The U.S. military has conducted several surveillance flights over northeastern Nigeria in an effort to find school girls held by a terrorist group but is not sharing the intelligence gathered from the Nigerian government, Pentagon officials said Tuesday.
Army Gen. David Rodriguez, head of the Africa Command, was in Abuja, the Nigerian capital, to work out "protocols" for sharing the information from the high-resolution cameras carried by the surveillance aircraft, the officials said.
"At this point, we are not sharing raw intelligence data," said Army Col. Steve Warren, a Pentagon spokesman.
Warren declined to give reasons for holding back the information but Africa specialists have warned of corruption in the Nigerian military and fears that the Boko Haram terror group holding the girls has penetrated the security services.
Nigerian President Goodluck Jonathan "himself has said that high levels of the security apparatus and the government have been penetrated" by Boko Haram agents and sympathizers, said J. Peter Pham, director of the Africa Center at the Atlantic Council.
"That's going to hurt the search effort," Pham said Monday on the PBS "NewsHour" program.
Although the military was holding back, the U.S. has been sharing commercial satellite imagery with the Nigerians, the State Department said.
At the Pentagon, Warren said that the U.S. military began Intelligence, Surveillance and Reconnaissance flights Monday.
The operations with fixed wing aircraft were at the request of the Nigerian government over areas in northeastern Nigeria where Boko Haram was suspected of taking the girls.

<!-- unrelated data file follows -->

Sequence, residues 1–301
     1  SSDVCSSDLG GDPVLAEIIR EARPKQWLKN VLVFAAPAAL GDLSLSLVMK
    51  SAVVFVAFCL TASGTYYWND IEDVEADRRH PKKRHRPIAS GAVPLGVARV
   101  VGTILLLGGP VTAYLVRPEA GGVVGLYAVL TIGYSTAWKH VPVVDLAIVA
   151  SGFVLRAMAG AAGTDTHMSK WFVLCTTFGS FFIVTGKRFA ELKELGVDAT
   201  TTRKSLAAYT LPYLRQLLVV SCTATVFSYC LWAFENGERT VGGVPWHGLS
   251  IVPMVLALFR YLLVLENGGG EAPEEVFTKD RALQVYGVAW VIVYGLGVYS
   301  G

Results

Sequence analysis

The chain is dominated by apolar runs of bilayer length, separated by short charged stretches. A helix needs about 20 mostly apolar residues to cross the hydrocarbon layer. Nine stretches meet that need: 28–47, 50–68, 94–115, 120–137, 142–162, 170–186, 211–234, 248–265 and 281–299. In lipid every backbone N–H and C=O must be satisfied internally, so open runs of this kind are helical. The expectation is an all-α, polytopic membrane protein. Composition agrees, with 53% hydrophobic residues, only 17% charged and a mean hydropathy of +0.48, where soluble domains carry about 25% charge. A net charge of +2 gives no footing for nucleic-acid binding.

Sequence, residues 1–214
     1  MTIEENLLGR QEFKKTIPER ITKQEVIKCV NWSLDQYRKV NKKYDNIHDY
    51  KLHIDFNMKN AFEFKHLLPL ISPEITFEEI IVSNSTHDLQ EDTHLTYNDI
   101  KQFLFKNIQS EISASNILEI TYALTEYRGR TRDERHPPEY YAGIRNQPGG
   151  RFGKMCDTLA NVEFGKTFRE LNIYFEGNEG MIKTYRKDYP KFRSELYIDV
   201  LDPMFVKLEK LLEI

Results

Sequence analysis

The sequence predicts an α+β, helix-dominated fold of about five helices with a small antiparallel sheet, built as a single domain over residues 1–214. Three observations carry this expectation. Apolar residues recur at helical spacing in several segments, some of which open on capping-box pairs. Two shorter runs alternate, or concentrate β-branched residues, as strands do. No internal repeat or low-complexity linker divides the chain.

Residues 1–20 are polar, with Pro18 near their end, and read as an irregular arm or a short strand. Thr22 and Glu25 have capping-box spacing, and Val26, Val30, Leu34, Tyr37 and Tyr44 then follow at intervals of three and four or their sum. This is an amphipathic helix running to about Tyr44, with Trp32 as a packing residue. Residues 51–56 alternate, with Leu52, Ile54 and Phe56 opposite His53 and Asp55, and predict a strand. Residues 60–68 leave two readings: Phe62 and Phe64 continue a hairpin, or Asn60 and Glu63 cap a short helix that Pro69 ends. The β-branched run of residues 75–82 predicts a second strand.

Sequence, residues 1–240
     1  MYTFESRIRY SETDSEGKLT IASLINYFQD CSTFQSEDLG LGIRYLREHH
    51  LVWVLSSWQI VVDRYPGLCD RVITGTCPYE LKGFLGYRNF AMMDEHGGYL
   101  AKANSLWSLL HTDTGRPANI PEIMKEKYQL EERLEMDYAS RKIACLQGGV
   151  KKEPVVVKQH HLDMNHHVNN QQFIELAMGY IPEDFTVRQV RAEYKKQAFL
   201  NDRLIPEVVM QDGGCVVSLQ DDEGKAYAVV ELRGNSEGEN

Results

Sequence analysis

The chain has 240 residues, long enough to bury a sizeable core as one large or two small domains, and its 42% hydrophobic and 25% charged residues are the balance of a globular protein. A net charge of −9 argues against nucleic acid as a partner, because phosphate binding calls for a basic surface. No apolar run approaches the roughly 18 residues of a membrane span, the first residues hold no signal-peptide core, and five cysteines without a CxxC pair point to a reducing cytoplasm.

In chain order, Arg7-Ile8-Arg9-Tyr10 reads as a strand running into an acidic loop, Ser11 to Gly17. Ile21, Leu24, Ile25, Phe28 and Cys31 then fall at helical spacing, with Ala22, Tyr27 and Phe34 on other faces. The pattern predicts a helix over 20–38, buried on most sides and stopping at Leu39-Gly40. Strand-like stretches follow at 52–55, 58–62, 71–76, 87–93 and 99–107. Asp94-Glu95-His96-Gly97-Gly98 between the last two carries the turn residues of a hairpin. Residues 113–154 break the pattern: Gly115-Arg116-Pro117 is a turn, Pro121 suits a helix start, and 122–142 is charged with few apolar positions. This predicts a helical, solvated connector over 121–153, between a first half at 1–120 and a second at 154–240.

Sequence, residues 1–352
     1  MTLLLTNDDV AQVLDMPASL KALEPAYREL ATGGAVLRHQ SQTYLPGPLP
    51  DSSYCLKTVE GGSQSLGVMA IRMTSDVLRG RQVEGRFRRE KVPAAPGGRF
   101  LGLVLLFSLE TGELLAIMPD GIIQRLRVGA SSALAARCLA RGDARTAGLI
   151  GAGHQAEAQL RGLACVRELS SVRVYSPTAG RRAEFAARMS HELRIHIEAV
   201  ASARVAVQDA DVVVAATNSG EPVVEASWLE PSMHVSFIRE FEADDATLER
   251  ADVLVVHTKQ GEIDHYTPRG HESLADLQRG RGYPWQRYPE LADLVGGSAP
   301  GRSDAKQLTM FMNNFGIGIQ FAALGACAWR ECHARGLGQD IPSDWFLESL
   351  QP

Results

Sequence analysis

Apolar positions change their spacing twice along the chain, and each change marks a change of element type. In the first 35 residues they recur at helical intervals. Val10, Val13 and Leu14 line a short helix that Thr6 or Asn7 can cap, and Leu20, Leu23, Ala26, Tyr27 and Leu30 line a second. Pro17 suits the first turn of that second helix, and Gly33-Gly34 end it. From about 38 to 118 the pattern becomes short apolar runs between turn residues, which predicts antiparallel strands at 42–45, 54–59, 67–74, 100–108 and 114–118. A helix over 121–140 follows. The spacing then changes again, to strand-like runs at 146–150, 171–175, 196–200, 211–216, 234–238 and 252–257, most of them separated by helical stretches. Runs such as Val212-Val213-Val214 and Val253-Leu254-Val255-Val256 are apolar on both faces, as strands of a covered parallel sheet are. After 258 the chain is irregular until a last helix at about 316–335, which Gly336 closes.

Several news outlets and government officials speaking anonymously have said that the ISR flights were piloted, but Warren declined to say whether the flights were by manned aircraft or by drones. He also declined to say where the aircraft were based.
Warren said that Rodriguez' presence in Nigeria had been planned previously, but he was now working out of the Embassy in Abuja to coordinate with an inter-agency team, including about 10 troops from Africom, on assisting the Nigerians in the search for the girls.
The search reportedly was centered on the Sambisa Forest, a Boko Haram stronghold near Nigeria's border with Cameroon.
More than 200 girls aged 16-18 were abducted on April 14 from their boarding school in the northeastern town of Chibok by fighters from Boko Haram, which seeks an Islamist state in the north.
Boko Haram leader Abubakar Shekau posted a video Monday showing about a hundred of the girls seated on the ground and offered to exchange them for prisoners held by the government.
-- Richard Sisk can be reached at firstname.lastname@example.org